Stuff Vs. Experiences

It’s been proven that material things don’t make us happier. Once our basic needs of clothing, food, and shelter are met, more doesn’t equal better. It just becomes…excess.

This, as well as many other interesting psychological studies and statistics, are found in the book StuffocationThis book has a slightly different angle than some of the minimalism and simplicity books I’ve read in the past. Most of the books in this genre suggest the answer to society’s massive overconsumption problem is minimizing, downsizing and shedding the clutter. Author James Wallman has a different theory.


The answer to the stuff problem, Wallman says, isn’t minimalism or simplicity. Those things are nice, but they will never take over society to the extent that materialism has. He has a point. In some ways “the simple life” can be quite complicated. People who opt out of the hustle and bustle of the daily grind might discover that living off the grid is harder than conforming to the status quo. Growing your own food from the ground up is easier said than done. (I’m a terrible gardener, at least right now I am.) Chopping firewood is much more difficult than simply programming a thermostat. And living alone in a cabin, while simple, can be downright boring and isolating for even the most introverted individual.

Minimalism, while freeing for those who are tired of the clutter and waste of overconsumption, can be equally frustrating when the competition turns from “must have” to “must get rid of.” Extreme minimalists will count every object they own, spending large amounts of money on custom multi-use furniture and tiny eco-homes. Seeing who can get by with the least amount of stuff has become a new status symbol in some circles. It’s a crazy, reversed form of materialism that is just as materialistic as its counterpart.

Even minimalists can be materialistic in their approach.

No, Wallman says the answer to our overconsumption is primarily experiences. He predicts that in the future more and more people will build their lives around what they do rather than what they own. It’s an intriguing concept. Memories last a lot longer than mementos. And they don’t clutter the house. Win / win.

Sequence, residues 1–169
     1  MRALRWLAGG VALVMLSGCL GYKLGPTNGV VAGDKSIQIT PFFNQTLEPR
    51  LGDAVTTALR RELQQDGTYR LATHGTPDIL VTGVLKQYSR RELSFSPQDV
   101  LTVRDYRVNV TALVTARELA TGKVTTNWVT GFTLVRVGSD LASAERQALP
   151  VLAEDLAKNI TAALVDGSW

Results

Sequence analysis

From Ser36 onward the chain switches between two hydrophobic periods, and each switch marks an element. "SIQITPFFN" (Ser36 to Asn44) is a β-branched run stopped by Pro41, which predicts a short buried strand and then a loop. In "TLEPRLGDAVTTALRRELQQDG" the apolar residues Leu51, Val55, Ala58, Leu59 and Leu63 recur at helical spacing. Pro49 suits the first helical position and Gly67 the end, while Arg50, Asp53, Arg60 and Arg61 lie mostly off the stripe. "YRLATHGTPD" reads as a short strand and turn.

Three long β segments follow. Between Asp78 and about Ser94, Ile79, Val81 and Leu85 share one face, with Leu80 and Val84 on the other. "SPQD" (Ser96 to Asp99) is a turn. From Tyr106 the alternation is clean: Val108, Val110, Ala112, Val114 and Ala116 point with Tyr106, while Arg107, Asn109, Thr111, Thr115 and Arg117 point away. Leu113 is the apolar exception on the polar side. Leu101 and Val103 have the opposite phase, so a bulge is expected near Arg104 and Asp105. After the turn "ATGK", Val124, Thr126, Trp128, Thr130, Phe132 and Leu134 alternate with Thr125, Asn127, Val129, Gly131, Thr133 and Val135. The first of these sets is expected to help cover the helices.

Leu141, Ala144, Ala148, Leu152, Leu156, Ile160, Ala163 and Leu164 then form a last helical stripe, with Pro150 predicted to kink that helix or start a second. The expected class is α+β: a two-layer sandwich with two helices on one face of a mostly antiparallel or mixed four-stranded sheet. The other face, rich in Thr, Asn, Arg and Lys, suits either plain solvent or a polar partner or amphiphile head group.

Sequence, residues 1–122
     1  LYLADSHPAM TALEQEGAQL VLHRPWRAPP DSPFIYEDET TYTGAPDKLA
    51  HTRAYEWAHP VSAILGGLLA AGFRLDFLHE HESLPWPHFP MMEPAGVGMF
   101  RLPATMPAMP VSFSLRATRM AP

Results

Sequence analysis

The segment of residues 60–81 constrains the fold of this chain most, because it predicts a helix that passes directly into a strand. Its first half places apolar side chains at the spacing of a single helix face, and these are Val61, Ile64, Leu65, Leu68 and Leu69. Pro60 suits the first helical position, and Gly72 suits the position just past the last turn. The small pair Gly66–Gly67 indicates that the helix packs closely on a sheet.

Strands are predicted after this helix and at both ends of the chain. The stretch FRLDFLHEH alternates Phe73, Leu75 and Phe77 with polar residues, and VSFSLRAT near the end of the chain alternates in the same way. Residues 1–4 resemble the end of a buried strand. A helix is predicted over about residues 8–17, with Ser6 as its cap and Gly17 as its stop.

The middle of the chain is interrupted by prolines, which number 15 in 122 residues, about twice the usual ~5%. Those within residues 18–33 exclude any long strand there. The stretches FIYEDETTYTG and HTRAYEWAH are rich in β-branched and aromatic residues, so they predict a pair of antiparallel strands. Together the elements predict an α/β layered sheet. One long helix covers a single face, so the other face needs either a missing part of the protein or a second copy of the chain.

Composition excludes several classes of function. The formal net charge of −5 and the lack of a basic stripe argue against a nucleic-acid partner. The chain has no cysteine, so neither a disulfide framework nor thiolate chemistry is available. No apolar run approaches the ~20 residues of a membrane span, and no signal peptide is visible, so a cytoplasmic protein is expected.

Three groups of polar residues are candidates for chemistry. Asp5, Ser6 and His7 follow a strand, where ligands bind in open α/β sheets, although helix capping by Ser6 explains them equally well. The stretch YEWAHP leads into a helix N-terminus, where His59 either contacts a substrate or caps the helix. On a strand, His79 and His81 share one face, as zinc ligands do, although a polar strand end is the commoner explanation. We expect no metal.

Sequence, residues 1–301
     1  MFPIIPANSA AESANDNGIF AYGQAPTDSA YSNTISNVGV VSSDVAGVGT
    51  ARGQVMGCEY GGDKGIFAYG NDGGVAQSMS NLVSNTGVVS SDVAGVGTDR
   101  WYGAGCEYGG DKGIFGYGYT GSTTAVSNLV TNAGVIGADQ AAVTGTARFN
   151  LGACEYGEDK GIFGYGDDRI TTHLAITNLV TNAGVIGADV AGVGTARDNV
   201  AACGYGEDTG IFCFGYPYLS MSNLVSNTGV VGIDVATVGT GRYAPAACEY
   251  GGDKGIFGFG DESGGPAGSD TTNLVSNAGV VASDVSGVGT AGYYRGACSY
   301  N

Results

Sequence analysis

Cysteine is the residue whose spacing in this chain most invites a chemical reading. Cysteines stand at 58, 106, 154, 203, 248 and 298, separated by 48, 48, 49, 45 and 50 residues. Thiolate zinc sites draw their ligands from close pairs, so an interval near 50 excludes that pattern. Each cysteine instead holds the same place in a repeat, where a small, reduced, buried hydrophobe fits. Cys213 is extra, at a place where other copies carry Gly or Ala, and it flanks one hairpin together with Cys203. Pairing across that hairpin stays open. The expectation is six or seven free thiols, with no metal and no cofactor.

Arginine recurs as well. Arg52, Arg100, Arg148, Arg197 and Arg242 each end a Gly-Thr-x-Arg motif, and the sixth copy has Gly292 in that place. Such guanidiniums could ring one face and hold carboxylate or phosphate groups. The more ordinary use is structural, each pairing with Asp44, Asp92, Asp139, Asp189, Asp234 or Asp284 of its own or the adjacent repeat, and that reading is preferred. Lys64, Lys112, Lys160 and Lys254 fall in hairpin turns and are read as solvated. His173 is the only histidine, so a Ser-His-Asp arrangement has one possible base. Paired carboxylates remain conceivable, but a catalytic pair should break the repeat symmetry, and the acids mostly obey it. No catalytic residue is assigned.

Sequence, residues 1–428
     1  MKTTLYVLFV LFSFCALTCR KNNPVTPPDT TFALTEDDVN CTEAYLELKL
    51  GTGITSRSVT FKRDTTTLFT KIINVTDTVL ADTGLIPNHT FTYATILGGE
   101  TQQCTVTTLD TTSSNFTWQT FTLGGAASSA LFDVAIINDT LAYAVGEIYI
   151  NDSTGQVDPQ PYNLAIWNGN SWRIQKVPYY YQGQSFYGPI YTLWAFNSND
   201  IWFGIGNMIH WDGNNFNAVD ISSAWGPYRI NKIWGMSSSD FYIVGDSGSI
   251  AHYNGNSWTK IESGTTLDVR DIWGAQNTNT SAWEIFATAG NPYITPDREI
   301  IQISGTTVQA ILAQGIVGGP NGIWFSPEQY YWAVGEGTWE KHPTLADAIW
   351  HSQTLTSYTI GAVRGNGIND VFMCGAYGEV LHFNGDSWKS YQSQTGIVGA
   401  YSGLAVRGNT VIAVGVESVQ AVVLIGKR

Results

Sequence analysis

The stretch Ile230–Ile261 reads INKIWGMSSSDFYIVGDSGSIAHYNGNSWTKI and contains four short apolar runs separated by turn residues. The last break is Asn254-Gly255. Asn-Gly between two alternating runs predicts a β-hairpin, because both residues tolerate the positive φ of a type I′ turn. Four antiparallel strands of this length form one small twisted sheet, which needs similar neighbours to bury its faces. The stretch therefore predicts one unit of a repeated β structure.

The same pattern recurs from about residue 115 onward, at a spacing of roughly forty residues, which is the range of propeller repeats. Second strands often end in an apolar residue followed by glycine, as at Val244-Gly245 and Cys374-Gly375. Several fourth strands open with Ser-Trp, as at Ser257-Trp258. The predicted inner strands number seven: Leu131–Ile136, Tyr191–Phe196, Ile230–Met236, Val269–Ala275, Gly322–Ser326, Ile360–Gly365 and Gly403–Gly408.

There’s drawbacks to this theory of experiences, of course. Social media makes it all too easy for experiences to be shared for the sake of comparison. This “extrinsic motivation” isn’t nearly as fulfilling and healthy as “intrinsic motivation,” which stems from our own curiosity and desire to explore. Still, it’s not entirely a bad thing that experiences can be shared online. We can learn a lot about someone by what they do in their spare time – things we would never know just from looking at them. And this social pressure to get out and do things rather than just acquire things could actually be a positive thing. 

Wallman lists several reasons why experiences might be the answer to dissatisfaction due to overconsumption, and backs them up with phycological studies. 

Reasons Experiences Make Us Happier than Possessions:

  1. Experiences are more prone to positive reinterpretation. Even when experiences go wrong, we can usually look back on them and laugh. There’s no real redeeming factor to a regretted purchase.
  2. Possessions are prone to hedonic adaptation. This is the phenomenon of needing more and more of the same thing to get the same level of thrill or satisfaction. It still can happen with experiences, but it’s much less noticeable.
  3. Experiences are harder to compare than material goods. You’re less likely to worry about your choice, worry about all the other options, and worry about the status implications. It’s quite easy to compare different generations of phones, or different years of cars. It’s nearly impossible to compare a trip to Spain to visit family with a cruise in Alaska. No two experiences are alike, and therefore, they are less likely to lead to comparison and dissatisfaction.
  4. We’re more likely to view experiences as contributing to our identities. We all strive to find or create ourselves when we shop for things, work our jobs, listen to music, and pursue hobbies and interests. Our view of ourselves is crucial to our happiness. Wallman suggests that experiences contribute far more than what we own to shaping our identity and our feelings about ourselves.
  5. Experiences bring us closer to other people. A shared experience – either present or past – will unite two people far more than driving the same car or owning the same earrings. I know I have an easier time meeting new people when we’re experiencing something together. There’s an instant connection and a starting point for a relationship to grow.